In the field of motion pictures, the many-layered type of color film normally called an integral tripack in broader contexts has long been known by the less tongue-twisting term monopack. For many years, Monopack (capitalized) was a proprietary product of Technicolor Corp, whereas monopack (not capitalized) generically referred to any of several single-strip color film products, including various Eastman Kodak products. It appeared that Technicolor made no attempt to register Monopack as a trademark with the US Patent and Trademark Office, although it asserted that term as if it were a registered trademark, and it had the force of a legal agreement between it and Eastman Kodak to back up that assertion. It was a solely-sourced product, too, as Eastman Kodak was legally prevented from marketing any color motion picture film products wider than 16mm, 35mm specifically, until the expiration of the so-called "Monopack Agreement" in 1950. This, notwithstanding the facts that Technicolor never had the capability to manufacture sensitized motion picture films of any kind, nor single-strip color films based upon its so-called "Troland Patent" (which Technicolor maintained covered all monopack-type films in general, and which Eastman Kodak elected not to contest as Technicolor was then one of its largest customers, if not its largest customer). After 1950, Eastman Kodak was free to make and market color films of any kind, particularly including monopack color motion picture films in 65/70mm, 35mm, 16mm and 8mm. The "Monopack Agreement" had no effect on color still films.
Monopack color films are based on the subtractive color system, which filters colors from white light by using superimposed cyan, magenta and yellow dye images. Those images are created from records of the amounts of red, green and blue light present at each point of the image formed by the camera lens. A subtractive primary color (cyan, magenta, yellow) is what remains when one of the additive primary colors (red, green, blue) has been removed from the spectrum. Eastman Kodak's monopack color films incorporated three separate layers of differently color sensitive emulsion into one strip of film. Each layer recorded one of the additive primaries and was processed to produce a dye image in the complementary subtractive primary.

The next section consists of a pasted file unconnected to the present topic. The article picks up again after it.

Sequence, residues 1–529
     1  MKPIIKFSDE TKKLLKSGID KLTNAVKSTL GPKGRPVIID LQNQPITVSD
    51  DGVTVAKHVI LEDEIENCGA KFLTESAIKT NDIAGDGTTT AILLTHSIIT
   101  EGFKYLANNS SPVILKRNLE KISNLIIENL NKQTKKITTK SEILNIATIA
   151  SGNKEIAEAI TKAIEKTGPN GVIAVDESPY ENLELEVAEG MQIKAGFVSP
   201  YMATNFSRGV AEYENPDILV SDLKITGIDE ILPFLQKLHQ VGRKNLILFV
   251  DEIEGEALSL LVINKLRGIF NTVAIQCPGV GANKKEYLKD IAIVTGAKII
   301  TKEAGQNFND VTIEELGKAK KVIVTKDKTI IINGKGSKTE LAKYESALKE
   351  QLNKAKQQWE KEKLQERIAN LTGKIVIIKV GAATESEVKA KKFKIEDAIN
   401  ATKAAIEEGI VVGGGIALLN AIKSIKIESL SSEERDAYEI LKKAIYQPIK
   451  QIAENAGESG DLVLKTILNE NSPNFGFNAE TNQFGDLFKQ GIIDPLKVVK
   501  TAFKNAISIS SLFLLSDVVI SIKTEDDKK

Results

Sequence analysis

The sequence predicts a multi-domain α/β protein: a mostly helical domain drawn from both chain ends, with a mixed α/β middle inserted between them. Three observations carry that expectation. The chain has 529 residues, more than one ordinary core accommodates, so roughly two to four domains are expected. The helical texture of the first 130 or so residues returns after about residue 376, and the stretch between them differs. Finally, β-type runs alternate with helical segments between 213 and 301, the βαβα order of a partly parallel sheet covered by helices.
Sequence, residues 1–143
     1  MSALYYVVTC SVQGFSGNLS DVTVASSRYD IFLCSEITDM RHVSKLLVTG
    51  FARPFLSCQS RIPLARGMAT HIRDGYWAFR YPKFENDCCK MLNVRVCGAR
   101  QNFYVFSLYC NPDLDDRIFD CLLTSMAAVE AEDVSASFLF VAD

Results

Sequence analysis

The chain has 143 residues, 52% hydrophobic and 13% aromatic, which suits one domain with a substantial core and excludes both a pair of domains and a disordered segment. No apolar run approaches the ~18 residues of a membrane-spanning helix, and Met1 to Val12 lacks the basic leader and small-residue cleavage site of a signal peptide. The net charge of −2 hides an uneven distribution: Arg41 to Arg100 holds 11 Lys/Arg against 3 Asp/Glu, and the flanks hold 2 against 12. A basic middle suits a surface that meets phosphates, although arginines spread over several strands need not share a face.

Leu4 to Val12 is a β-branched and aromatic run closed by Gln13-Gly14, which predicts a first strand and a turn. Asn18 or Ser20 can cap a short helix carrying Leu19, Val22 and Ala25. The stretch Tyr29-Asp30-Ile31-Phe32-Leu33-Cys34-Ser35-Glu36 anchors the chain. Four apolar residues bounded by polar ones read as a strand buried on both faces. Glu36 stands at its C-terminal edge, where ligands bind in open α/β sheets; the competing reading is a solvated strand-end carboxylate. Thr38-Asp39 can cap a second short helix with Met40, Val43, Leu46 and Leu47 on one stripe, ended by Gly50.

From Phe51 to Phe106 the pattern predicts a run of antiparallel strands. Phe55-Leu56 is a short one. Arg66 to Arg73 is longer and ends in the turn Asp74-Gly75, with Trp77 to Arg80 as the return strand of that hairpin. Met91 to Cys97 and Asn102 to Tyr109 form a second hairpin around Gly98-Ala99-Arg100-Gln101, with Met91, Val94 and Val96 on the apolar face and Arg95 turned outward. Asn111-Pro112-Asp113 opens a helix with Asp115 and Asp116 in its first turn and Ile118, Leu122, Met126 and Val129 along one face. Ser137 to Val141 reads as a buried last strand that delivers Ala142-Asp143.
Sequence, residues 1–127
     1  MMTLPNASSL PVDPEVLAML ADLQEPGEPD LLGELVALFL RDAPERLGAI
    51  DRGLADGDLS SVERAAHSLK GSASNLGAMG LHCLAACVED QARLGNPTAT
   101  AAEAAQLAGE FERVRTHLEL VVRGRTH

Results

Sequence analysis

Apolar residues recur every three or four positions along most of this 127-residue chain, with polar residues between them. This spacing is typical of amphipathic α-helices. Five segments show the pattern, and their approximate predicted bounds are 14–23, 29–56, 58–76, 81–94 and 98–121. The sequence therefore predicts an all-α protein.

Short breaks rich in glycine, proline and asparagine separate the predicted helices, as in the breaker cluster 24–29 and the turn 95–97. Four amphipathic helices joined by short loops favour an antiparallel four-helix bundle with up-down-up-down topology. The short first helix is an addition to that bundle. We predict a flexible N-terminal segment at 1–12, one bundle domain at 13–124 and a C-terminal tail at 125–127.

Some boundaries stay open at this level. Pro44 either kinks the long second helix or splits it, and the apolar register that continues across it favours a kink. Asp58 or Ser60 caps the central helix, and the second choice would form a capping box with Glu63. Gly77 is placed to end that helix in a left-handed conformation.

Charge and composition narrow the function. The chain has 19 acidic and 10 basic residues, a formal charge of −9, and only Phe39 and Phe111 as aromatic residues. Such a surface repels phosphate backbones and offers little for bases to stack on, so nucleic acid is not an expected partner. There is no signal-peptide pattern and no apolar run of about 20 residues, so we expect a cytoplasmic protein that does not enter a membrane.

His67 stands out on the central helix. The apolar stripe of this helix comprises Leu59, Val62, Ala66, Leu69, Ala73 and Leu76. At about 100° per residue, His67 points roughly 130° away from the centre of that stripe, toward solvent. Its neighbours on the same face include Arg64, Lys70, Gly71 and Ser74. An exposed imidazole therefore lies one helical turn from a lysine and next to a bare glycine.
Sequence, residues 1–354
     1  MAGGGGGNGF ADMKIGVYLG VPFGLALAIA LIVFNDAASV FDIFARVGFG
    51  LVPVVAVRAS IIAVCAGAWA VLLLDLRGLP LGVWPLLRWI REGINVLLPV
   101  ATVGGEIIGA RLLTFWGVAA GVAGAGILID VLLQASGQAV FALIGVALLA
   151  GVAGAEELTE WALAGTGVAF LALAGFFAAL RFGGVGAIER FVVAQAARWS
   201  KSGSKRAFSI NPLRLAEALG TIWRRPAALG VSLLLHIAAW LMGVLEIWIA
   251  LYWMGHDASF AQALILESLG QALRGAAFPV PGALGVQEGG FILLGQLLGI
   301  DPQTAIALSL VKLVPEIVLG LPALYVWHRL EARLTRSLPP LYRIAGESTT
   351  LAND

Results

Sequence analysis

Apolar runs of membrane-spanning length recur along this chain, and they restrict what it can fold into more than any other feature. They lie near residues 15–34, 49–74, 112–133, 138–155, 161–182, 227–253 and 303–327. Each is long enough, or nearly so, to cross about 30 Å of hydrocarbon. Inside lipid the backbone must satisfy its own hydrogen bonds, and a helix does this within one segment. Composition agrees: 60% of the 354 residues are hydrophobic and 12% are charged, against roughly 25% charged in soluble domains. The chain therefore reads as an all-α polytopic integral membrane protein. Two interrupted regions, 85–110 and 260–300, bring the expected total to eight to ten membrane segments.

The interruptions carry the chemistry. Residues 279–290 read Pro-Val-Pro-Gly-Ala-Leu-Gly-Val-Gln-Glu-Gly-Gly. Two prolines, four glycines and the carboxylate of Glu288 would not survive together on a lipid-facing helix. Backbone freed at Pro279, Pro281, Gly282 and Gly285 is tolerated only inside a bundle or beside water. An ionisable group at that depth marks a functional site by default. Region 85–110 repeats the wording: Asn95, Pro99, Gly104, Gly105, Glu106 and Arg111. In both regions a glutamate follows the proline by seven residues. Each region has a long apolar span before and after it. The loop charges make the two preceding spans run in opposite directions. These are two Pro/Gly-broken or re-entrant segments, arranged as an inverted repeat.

Kodachrome was the first commercially successful application of monopack multilayer film, introduced in 1935. For professional motion picture photography, Kodachrome Commercial, on a 35mm BH-perforated base, was available exclusively from Technicolor, as its so-called "Technicolor Monopack" product. Similarly, for sub-professional motion picture photography, Kodachrome Commercial, on a 16mm base, was available exclusively from Eastman Kodak. In both cases, Eastman Kodak was the sole manufacturer and the sole processor. In the 35mm case, Technicolor dye-transfer printing was a "tie-in" product. In the 16mm case, there were Eastman Kodak duplicating and printing stocks and associated chemistry, not the same as a "tie-in" product. In exceptional cases, Technicolor offered 16mm dye-transfer printing, but this necessitated the exceptionally wasteful process of printing on a 35mm base, only thereafter to be re-perforated and re-slit to 16mm, thereby discarding slightly more than one-half of the end product.